Regional Australia – and its importance to us more than ever in the years ahead
With the current constraints on international travel, in conjunction with a range of changing border closures within Australia, many people have just started on a journey of discovery of the amazing regions that make up the majority of this big block of dirt – and surround all of our coastal cities.
In the last decade or so, we’ve seen a steady exodus from the cities of older people looking for a less pressured environment to spend the later decades of their lives and also younger people looking for better quality of life and lower costs of living. Governments have also been encouraging a ‘tree change’ in an attempt to divert some of the population increase in our coastal capital cities (which are becoming ever more densely populated) to smaller centres that can benefit from some growth in their population..
Throughout our history we’ve supplied people (usually chefs) to regional and remote locations, predominantly tourism & hospitality operations, but also quite a range of mining & industrial sites needing to feed their resident workforce. The requirements for people to travel to the regions on either a FIFO basis – or staying in blocks of time from a couple of weeks to a few months – has never been stronger. Of course, this type of work is only suited to a specific type of person who is able to be away from home for long periods of time and doesn’t mind the relative ‘isolation’ – particularly where mining sites are concerned! At the moment there’s a reticence among many to venture outside of the cities they live in, but we won’t be surprised to see this change. Indeed, over the past few months we’ve had a significant number of city-based chefs request regional placements so that they can get out of the city!
If we look at a couple of major factors that will influence the years ahead, the most significant is arguably climate change and the other is the change in people’s outlook about the benefits of living in a large city, in the wake of COVID-19. Anecdotal information (at least in Victoria) suggests that there has been significant growth in people purchasing residential property in regional towns having realised the downside of living in a city with more than 5 million people in it. We suspect that similar trends may become evident in the other large east coast States over the months ahead.
Climate change – after 2020 being pronounced the third warmest year around the world since records have been kept – is also starting to have an impact on people’s thinking. If water levels rise and our very coastal population (and many of the most valuable properties) become exposed to both higher tides and larger storms, the attractiveness of more ‘inland’ – and quite possibly more regional locations – may well continue to gather momentum.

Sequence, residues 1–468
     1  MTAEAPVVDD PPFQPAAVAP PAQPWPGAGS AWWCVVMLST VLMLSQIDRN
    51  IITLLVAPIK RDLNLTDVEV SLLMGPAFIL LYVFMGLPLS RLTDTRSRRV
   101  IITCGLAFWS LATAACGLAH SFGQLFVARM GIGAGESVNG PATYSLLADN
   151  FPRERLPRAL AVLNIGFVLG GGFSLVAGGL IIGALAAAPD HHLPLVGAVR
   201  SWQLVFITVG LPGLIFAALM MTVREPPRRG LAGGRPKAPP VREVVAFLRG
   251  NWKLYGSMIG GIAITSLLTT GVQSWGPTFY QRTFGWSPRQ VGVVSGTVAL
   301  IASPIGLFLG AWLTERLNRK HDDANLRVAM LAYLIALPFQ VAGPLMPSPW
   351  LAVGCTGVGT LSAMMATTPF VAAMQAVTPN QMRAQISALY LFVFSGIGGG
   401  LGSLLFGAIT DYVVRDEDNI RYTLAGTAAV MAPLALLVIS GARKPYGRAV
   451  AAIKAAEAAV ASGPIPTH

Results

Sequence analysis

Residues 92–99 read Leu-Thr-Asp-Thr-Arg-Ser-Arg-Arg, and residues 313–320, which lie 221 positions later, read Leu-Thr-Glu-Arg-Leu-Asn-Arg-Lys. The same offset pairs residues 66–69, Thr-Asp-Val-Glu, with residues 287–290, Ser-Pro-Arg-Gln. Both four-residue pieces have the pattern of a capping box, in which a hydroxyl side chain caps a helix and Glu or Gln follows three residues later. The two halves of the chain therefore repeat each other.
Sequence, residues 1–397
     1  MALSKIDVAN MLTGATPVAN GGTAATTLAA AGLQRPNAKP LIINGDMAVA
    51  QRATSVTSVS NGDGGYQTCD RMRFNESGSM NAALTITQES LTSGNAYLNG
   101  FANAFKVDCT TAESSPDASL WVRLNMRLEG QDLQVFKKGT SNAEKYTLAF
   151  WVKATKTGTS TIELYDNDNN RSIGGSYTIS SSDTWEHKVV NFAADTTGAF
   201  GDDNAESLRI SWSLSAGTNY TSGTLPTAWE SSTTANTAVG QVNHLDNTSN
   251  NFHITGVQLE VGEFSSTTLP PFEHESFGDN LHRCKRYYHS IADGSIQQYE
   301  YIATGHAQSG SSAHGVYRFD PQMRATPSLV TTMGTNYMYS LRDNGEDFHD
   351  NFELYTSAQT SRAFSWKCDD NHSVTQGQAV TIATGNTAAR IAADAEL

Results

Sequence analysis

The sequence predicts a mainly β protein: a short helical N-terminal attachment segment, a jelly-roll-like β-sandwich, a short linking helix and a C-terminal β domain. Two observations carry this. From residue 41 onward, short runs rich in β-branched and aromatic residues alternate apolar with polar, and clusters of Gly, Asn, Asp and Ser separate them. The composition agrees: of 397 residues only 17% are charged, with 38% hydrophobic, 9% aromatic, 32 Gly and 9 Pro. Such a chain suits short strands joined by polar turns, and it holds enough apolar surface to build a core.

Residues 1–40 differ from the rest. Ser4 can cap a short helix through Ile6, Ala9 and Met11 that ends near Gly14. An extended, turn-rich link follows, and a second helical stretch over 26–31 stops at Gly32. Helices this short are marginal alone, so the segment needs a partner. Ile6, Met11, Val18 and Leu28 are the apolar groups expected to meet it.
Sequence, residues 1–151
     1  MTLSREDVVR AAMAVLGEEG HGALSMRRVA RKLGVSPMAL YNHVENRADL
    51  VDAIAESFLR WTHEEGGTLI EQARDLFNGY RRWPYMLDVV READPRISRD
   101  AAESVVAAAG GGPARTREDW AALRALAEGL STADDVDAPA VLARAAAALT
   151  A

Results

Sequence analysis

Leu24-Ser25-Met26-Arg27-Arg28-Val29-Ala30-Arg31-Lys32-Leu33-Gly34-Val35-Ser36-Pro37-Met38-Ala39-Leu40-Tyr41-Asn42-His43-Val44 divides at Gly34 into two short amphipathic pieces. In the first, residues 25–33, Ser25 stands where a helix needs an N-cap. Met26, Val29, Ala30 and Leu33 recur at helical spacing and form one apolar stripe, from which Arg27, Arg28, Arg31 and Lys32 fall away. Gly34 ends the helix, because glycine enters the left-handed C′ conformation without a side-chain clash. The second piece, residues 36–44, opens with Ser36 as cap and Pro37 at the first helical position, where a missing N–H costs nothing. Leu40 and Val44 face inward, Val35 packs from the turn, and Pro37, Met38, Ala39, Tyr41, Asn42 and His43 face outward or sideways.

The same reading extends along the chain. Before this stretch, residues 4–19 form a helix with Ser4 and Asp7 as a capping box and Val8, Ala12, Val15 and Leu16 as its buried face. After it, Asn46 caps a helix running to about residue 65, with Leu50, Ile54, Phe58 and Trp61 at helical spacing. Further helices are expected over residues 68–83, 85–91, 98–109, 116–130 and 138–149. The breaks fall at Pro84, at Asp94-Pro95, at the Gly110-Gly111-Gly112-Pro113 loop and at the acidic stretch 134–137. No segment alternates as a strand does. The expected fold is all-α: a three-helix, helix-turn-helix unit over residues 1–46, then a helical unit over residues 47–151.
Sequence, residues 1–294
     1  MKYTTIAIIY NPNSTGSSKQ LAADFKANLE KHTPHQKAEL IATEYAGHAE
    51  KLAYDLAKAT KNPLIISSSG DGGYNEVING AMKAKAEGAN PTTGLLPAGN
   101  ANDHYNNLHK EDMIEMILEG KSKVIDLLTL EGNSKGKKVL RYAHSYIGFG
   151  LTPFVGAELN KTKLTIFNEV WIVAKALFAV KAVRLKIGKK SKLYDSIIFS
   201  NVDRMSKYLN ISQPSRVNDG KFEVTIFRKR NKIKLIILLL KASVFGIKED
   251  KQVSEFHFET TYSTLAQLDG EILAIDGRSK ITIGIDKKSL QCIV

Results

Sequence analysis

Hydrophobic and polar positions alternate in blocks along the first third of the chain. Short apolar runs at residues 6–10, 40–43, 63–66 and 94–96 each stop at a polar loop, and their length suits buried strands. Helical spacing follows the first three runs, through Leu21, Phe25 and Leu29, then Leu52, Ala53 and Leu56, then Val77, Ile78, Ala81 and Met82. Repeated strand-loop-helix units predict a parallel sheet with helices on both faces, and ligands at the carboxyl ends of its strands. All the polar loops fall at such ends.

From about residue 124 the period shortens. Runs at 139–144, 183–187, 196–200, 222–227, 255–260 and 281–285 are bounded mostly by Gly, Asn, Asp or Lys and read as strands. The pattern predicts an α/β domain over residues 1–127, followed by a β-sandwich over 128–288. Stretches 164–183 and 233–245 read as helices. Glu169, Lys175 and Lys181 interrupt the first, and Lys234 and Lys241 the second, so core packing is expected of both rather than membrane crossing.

As with all things, a steady re-adjustment will be a far better approach than major changes attempted over a short period of time. Infrastructure to support a swelling population is costly to develop – and also usually fairly slow to be approved. However, the costs associated with continuing to develop infrastructure in already over-populated (by Australian standards) cities is arguably a lot higher. In addition, the quality of life in cities with longer traffic jams, fewer public open spaces and more stressed inhabitants with large mortgages is unlikely to do anything but deteriorate.
Hopefully between people reconsidering what it necessary after a period of working from home – and what is important after spending more time with family and less time in airports, may just turn the tide. If we do see a flow of people out into regional and rural Australia over the coming decade – and planning undertaken to support this trend, I think we’ll all be beneficiaries. Certainly, the more people choosing to live outside cities, the more likely it is that attention will be paid to their needs – and the value associated with nurturing people right around the country, not just in the cities.